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HelpMeFluther12's avatar

Must a landlord give me a copy of my lease?

Asked by HelpMeFluther12 (25points) January 7th, 2011

I live at an apartment complex where the landlord is refusing to give me a copy of the lease. The problem is that the lease has an error on it and they want me to sign a “corrected” copy which I refuse to do.

The lease basically states

“The base rent will be $400 payable in installments of $3120 per month”

which is obviously an error. This should state

“The base rent will be $3120 payable in installments of $400 per month”

Can I legally compel the apartment complex to give me a copy of my signed lease despite this error. I do not want to fix which could arguably be a “void” contract.

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10 Answers

JLeslie's avatar

Sign a corrected copy and write on it that this replaces the previous lease, have them initial that sentence and make sure they sign the lease as well as you, if you worry they won’t give you a copy insist you are presented with two signed copies, two originals before you sign, and keep one.

iamthemob's avatar

What is your actual legal concern here? If the initial contract is considered void, you have no legal right to take hold of the premises.

If you’re living there now, and the initial lease is potentially void, then what is your reticence about signing a lease that would guarantee your rights.

HelpMeFluther12's avatar


I worry about giving them a fix to my void contract if something were to go wrong and I were forced to leave. Would something as simple as this mis-statement be grounds to call this contract null and void, or at least open up a legal can of worms that they might not be willing to fight.

I just need a copy of the lease to show that I moved in on X date for an unrelated matter.


I’m not worried about guaranteeing my rights. I wouldn’t mind of they kick me out under a void contract. I’de get to leave and they wouldn’t sue me for “breaking my lease.” Win Win for me!

EDIT: Plus they would not kick me out for this… As long as I pay they are fine.

I signed once. I feel they have no right to make me “help them” by correcting their mistakes.

JLeslie's avatar

@HelpMeFluther12 I am not a lawyer, laws vary by state, but I was a realtor. If the new contract covers everything you are concerned about you should be ok I think. If it states when you actually moved in, when the lease is up, that it replaces the old lease, I think you should be fine.

Even the old lease as it is, probably is fine, because a judge would understand the mistake, and they have been accepting your checks.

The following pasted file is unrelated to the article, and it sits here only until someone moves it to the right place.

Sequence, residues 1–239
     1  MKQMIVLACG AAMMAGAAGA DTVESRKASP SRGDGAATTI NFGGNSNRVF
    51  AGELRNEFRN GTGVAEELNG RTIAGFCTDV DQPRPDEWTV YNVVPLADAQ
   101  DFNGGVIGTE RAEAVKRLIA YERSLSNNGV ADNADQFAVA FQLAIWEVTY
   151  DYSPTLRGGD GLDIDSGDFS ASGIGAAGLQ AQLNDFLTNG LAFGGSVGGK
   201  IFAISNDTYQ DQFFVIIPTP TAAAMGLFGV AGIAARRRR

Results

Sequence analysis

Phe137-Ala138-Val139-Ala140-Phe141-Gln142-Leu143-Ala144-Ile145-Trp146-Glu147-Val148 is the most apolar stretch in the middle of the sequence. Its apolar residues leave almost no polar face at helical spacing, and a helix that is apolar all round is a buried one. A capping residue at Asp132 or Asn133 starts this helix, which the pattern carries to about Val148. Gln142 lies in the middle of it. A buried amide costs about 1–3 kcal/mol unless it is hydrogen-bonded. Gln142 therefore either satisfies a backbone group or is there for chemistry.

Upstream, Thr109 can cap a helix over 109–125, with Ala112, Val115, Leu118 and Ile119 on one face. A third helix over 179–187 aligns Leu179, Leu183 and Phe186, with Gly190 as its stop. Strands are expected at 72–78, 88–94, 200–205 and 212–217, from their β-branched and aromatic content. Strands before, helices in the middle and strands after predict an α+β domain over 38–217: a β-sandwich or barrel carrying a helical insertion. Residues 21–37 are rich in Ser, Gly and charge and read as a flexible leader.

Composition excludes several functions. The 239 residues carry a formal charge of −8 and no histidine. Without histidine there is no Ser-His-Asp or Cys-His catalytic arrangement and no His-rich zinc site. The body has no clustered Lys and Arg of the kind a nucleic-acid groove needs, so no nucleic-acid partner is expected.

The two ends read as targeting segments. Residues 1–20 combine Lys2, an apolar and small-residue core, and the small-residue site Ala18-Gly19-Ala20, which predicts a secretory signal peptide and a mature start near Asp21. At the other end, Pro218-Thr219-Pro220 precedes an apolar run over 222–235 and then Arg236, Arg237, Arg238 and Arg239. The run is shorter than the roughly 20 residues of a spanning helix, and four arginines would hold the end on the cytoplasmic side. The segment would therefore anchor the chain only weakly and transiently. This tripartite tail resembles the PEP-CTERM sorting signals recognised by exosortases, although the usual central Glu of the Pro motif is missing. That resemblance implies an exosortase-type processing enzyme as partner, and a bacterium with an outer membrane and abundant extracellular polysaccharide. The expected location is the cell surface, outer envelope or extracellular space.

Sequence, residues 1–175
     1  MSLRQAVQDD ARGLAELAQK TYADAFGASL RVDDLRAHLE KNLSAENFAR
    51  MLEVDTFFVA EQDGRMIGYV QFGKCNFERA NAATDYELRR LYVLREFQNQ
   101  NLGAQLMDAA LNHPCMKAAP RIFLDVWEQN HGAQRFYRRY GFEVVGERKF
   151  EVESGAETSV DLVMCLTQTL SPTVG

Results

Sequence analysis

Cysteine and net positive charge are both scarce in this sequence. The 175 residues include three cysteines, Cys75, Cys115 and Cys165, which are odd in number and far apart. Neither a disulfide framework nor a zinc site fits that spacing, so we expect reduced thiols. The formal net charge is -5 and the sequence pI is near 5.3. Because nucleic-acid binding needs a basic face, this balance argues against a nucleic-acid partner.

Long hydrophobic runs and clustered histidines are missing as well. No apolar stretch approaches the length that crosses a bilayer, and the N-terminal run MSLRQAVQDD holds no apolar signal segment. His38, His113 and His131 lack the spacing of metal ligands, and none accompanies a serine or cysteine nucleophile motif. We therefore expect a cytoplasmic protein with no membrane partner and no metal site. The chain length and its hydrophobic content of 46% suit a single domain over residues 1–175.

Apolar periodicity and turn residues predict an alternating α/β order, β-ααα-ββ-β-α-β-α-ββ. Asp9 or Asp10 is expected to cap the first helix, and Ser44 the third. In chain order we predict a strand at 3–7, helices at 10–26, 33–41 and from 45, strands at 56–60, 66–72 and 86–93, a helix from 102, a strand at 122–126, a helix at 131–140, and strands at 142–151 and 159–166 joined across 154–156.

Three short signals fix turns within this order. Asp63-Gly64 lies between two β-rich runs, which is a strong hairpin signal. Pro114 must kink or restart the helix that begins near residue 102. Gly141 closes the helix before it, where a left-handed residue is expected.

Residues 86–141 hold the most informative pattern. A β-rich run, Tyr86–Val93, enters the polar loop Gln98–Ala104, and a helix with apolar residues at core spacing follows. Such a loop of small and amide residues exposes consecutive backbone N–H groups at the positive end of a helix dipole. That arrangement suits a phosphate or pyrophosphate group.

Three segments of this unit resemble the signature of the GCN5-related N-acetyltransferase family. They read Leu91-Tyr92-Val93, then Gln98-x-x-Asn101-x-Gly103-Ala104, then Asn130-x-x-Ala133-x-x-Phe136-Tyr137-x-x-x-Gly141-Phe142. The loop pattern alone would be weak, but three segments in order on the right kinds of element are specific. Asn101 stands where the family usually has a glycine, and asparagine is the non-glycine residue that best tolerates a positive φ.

Sounds like they are just trying to straighten their records.

They should give you a copy of the old lease, it is very possible the person you are dealing with made the mistake, is not very knowledgeable about your rights, maybe they want to bury the mistake, because they are afraid of getting in trouble, so you might need to go above their heads if it is important to you to get the copy of the lease. Just guessing.

john65pennington's avatar

This is all about civil liability. by law, anything you sign, you have a legal right to a copy. push the issue with your landlord. if this does not work, advise you landlord that you are contacting an attorney, in this matter. this should do the trick for you.

iamthemob's avatar


It’s not a win-win for you though. If nothing goes wrong, and they feel the contract is obviously void, you can be asked to leave often on 30 days notice in most areas.

If this is the only change, then all you’re doing is correcting a clerical error, and the terms and conditions are as they were before, which you’ve already agreed to. Without a lease, you don’t know whether or not you’re going to have a place to live on anything much longer than a monthly period.

I’ll tell you though – this is a simple clerical error on the face of it. If you have taken possession of the property, and paid rent during one of the monthly cycles, I doubt that a judge would render this void or voidable. The calculation is clear, and if you’ve sent and they’ve accepted a month’s rent, it’s clear you both understand the true terms and meaning.

Refusing to sign the lease in an attempt to keep options open is more than likely (1) futile and (2) just going to create bad blood between you and your property managers.

Plus, I mean…the lease that you signed requires a payment of you in the amount of $3120 for a month. Literally, that would mean you pay them that amount, and they would return all but $400 of that to you someway that is unspecified, and at no particular time…it seems that if we’re taking this as on the face for the terms, then you’ll be in breach very fast.

HelpMeFluther12's avatar

Thanks. Just wanted to confirm

BBSDTfamily's avatar

Just refuse to sign until they give you the copy you want. Both of you win.

citizenearth's avatar

You only need to sign the lease when you agree to it. The landlord have to give you a copy of the signed lease. It is that simple.

Regarding your request, you tell the landlord to give you the previously signed lease first before you agree to sign the corrected lease. You have every right to have that copy. The latest lease agreement shall made the previous lease obsolete. I think the landlord do not want you to have two ‘different’ leases for the apartment which you rent. By the way, you only need to have one copy of the lease, the latest signed one of course.

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